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Like drunken sailors

September 26th, 2004

Paul Krugman, observing Bush’s deficit policy made the observation that the traditional Republican critique of the Keynesian case for using deficits to stimulate the economy (that, once you started running deficits, you’d never find a suitable time to stop) was true, but only as regards Republicans.

Similarly, having been announced his conversion to the cause of social democracy a few days ago, Howard is behaving like an economic rationalist’s caricature of a social democrat, spraying billions of dollars around in a combination of interest-group pork-barrelling and half-baked ideas for micromanagement of everything from the TAFE sector to the taxi industry. Meanwhile, the decision to make the states pay for the National Water Initiative means that basic needs for schools and hospitals will be worse-funded than before. Again, more detail from Chris Sheil

Labor’s correct response here, I would say is not to engage in an item-by-item bidding war, but to announce one big intervention in Medicare, using part of the money already spent by Howard.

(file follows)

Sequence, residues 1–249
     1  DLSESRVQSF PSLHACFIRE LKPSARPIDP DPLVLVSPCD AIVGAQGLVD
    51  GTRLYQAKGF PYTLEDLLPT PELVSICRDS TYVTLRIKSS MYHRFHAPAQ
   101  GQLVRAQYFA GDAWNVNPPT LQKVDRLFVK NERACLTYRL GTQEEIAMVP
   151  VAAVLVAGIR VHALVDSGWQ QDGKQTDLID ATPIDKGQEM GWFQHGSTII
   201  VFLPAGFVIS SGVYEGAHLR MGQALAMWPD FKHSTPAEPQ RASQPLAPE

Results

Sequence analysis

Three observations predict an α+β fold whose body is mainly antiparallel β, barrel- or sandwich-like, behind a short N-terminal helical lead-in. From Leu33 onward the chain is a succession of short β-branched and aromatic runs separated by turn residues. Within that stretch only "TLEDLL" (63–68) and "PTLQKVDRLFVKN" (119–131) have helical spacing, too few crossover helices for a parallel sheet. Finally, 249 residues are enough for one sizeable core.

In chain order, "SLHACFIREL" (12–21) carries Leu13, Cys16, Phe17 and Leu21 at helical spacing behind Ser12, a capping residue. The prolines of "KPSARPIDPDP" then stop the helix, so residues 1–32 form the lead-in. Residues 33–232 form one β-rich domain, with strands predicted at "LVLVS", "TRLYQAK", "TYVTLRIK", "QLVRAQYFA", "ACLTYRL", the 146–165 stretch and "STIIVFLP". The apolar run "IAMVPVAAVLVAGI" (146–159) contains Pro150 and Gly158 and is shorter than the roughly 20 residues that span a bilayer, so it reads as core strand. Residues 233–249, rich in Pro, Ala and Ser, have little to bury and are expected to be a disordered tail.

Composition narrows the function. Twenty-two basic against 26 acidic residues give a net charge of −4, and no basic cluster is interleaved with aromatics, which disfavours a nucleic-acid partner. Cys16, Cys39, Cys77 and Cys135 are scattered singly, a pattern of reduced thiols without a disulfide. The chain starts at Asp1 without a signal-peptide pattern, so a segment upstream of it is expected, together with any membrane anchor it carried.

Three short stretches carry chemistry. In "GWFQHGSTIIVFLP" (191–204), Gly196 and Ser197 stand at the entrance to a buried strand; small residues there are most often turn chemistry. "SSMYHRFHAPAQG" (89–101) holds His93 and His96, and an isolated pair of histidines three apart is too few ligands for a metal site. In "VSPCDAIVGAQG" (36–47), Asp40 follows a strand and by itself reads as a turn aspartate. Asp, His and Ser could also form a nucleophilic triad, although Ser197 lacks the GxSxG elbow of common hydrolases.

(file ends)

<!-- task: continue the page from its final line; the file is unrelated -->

Update Monday AM The “drunken sailor” description is irresistibly apt. Crikey used it to, and here’s the Oz editorial

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  1. September 26th, 2004 at 18:25 | #1

    Crikey used the “spending like drunken sailors” line, too. Looks like it might catch on.

  2. Harry Clarke
    September 26th, 2004 at 21:01 | #2

    Labor’s response that all that government spending will drive up interest rates (presumably by ‘crowding-out’) may not be understood by the electorate even if it is true. As it stands I think John Howard’s best hope is to play on interest rate fears. There are a lot of traditional Labor voters sitting out there in suburbia with big mortgages that are scared to death of higher interest rates.

    It will turn the tables if Latham sells himself as a fiscal conservative but not a bad approach.

  3. Jill Rush
    September 26th, 2004 at 21:36 | #3

    The message will not get through in SA except to the point that money which hasn’t been there for the last 8 years is now available – but are these core or non-core promises? – Howard is looking like Brisbane – Power rules.

  4. September 26th, 2004 at 22:46 | #4

    Hang on, JQ! You’re making the same mistake the Age did a few years ago, when it misrepresented Howard as acknowledging that the monarchy was anachronistic. It had edited out words to the effect “some people think that…”, supposing that Howard would never describe a general sentiment in a detached way, that he would only ever describe what he endorsed, that he was incapable of looking at what he had to work with.

    Yours is the same mistake. You are ascribing a social democrat world view to him, simply on the grounds that he acknowledged what is the prevalent environment he has to work in. While he may endorse it himself, it is just as possible that he is merely facing up to a reality that he would rather change than adapt to – just as with the republican issue.